It's all about knowing the right people. Having a partner as a bird guy means you get to tag along on really cool stuff, like the annual Sandhill Crane count.
For four years now, I've donned my rubber boots and tagged along with a group of scientists to count cranes (really big, beautiful birds) converging at Sauvie Island. Some birds are migrating from Alaska/Canada to California. This Oregon wetland is a regular stopover. Sandhill Cranes are Oregon's tallest bird—at 4 feet tall with a 6-foot wingspan. WHOA. But what I like most about them? Is their dance. (<< go to time 1:23 in the OPB video.)
I've never really managed to get close to the birds or see many; that's just how it's worked out. There was the really dry year. The really cold year. (Honestly, I get just as excited about the dozens of small frogs and swooping owls anyway.) This year was different.
The count happens one day a year and it means leaving work at 4pm to get out to the site before sunset. I was debating whether to go.
A high-expectation workplace means leaving at 4 is tricky. But I got in early that day and billed above my hours. I was set. So I ran out at 4pm to join the boys and the birds. Such. A. Good. Decision.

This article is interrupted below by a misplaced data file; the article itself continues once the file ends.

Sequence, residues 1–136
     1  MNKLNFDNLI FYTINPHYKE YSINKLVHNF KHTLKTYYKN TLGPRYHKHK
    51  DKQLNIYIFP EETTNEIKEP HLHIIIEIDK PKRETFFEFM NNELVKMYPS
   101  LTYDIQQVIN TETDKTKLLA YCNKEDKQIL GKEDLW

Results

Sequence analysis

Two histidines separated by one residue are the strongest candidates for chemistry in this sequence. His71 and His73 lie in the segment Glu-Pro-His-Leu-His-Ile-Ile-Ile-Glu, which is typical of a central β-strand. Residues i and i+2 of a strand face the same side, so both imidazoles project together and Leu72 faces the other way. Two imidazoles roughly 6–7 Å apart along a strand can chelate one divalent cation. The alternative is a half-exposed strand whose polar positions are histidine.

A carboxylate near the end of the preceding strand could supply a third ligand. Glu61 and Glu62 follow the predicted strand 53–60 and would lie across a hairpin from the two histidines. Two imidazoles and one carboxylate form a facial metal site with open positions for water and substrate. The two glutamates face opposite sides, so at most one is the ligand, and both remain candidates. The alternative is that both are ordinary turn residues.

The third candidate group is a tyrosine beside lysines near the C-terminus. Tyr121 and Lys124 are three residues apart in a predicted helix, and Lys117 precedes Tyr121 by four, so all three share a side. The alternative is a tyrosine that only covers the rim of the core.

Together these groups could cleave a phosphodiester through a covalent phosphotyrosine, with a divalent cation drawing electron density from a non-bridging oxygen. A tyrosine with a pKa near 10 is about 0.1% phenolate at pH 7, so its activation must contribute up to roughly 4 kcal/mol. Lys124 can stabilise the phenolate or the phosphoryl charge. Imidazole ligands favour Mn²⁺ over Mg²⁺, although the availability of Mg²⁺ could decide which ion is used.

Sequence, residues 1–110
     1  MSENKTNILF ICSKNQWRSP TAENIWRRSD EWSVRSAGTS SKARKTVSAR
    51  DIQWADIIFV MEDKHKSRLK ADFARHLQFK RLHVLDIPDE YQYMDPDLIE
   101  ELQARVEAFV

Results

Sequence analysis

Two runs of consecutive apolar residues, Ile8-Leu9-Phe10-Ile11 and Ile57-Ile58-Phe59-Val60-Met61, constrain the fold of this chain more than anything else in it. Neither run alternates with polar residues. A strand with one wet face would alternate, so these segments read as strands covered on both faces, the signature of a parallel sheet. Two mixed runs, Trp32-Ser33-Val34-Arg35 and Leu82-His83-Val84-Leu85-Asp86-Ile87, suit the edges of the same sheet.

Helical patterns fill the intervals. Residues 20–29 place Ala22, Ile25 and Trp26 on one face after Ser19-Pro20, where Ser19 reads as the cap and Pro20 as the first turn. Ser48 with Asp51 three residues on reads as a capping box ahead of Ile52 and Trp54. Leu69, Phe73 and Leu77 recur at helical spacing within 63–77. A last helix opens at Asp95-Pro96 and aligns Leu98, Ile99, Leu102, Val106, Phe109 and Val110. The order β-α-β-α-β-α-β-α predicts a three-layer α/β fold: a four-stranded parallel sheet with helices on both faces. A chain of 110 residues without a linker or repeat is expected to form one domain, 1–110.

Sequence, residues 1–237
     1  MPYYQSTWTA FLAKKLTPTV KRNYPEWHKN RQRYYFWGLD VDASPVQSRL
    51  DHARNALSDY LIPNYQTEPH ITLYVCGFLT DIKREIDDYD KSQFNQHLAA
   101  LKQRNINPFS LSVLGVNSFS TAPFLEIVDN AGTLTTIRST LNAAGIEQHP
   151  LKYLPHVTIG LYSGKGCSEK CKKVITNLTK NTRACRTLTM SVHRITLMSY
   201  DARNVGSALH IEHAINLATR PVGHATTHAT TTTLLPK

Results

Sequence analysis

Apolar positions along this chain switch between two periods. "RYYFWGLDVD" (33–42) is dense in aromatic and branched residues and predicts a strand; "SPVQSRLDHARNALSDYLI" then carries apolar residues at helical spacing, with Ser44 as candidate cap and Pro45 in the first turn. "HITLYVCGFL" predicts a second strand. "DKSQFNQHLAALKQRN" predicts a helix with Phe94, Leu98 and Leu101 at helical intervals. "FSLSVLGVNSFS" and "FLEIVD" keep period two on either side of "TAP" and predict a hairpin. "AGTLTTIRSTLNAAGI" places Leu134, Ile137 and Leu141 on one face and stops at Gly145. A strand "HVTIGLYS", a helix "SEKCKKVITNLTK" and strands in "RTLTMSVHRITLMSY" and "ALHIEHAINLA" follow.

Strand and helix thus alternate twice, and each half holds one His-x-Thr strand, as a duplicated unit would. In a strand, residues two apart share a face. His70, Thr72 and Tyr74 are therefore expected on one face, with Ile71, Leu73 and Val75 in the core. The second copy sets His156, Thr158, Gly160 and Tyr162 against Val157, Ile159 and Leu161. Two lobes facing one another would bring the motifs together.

We counted hundreds of cranes this year. (The blurry photo below is my best one. You keep a good distance so that you don't startle the birds.) It made me want to sketch. The sky was stunning. The calls and chatter surrounded us. The owl swooped through, again. And the painted landscape, reflected in the shallow water, was breathtaking.
It's hard to leave these swelling moments. Sure, we were on our knees in the mud, wearing mosquito head-nets and our clothes were covered in small, thorny seeds that would later take hours to dislodge. It didn't matter. Out here, suddenly everything was ok. Better than ok. It was thriving. The geese alone will tell you. Just listen.